Jane Austen and Her Times
Chapter 18 - The Prince Regent and Emma
October 1815, Henry Austen was dangerously ill. He had by this time moved into another house, which was in Hans Place, quite near his former residence in Sloane Street, though the connection with the bank in Henrietta Street was still kept up. Both his sisters were with him at first, and an express was sent for his brother Edward, so critical was his state considered to be, but he rallied, and afterwards, when he was out of danger, Edward and Cassandra went on to Chawton, and Jane was left to nurse him back to complete health. The ideas of medicine at that time were primitive, and consisted chiefly of unmitigated blood-letting, an extraordinary custom, which must have been responsible for many a weak body's giving up the ghost.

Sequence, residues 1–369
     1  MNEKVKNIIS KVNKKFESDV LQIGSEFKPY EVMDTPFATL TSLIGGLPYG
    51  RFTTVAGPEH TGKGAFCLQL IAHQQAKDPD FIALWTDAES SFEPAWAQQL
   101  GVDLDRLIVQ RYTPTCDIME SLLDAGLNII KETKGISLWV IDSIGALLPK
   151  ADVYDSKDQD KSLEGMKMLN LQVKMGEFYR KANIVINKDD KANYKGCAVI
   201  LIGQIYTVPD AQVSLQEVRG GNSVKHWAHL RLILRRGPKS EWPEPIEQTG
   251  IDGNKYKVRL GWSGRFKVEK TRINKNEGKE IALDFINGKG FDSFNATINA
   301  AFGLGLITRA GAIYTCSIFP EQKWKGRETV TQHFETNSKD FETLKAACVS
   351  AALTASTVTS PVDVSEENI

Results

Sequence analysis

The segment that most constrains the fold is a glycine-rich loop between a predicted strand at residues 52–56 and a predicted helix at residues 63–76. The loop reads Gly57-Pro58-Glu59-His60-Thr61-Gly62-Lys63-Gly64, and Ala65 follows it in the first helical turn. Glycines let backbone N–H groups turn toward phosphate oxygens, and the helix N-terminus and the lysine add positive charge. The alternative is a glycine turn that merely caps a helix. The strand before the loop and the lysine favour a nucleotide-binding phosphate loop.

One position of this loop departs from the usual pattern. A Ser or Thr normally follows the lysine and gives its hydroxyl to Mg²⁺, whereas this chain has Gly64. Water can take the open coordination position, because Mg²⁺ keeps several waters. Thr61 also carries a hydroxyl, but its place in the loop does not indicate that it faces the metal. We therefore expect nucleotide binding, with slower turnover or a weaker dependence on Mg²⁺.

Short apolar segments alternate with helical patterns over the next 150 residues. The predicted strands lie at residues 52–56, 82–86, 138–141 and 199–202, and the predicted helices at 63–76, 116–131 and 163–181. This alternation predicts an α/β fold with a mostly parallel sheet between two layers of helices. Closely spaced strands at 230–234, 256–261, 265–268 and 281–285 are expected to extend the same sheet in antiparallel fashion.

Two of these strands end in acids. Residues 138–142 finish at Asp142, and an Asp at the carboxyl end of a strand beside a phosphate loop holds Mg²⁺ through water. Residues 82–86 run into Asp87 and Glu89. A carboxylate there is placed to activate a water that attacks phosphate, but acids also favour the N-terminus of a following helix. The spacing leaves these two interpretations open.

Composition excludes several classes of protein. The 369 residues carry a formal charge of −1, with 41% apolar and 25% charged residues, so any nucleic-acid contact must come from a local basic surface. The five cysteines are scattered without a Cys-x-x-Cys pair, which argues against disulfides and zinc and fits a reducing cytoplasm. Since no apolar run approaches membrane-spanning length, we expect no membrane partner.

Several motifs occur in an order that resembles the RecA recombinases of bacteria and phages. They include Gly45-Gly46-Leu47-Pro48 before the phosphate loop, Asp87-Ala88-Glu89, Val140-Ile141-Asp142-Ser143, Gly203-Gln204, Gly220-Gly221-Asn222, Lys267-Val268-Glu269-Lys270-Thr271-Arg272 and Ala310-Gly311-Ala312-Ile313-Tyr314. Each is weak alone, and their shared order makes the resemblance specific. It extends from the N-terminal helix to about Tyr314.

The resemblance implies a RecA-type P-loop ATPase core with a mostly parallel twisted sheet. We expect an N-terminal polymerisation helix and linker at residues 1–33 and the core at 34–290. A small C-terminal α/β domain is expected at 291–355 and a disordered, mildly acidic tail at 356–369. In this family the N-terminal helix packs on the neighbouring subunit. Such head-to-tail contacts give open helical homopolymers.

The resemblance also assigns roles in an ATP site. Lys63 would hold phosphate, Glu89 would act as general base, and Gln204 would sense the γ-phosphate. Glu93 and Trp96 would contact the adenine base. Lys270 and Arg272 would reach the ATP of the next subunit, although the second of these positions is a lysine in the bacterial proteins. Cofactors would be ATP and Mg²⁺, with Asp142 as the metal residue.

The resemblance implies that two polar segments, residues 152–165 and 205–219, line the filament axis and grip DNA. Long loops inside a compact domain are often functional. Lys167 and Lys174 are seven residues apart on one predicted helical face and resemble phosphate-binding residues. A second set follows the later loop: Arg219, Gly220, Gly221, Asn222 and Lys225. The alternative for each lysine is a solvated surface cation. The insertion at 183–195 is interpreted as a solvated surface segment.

This incredible system is exemplified in the following anecdote. When Mrs. Lybbe Powys' son Philip had a coach accident she comments on his treatment thus: "He has not, since the accident, tasted a bit of meat, or drunk a drop of wine, had a perpetual blister ever since, and blooded every three or four days for many weeks." Well may the editor of the book remark, "Truly Mr. Powys' enduring this treatment was a survival of the fittest!"
There was then a wide distinction between the Physician and the Apothecary, which may be noticed in Jane's playful repudiation: "You seem to be under a mistake as to Mr. H. you call him an apothecary. He is no apothecary, he has never been an apothecary; there is not an apothecary in the neighbourhood--the only inconvenience of the situation perhaps--but so it is, we have not a medical man within reach. He is a Haden, nothing but a Haden, a sort of wonderful nondescript creature on two legs, something between a man and an angel, but without the least spice of an apothecary He is perhaps the only person not an apothecary hereabouts."
The Rev. George Crabbe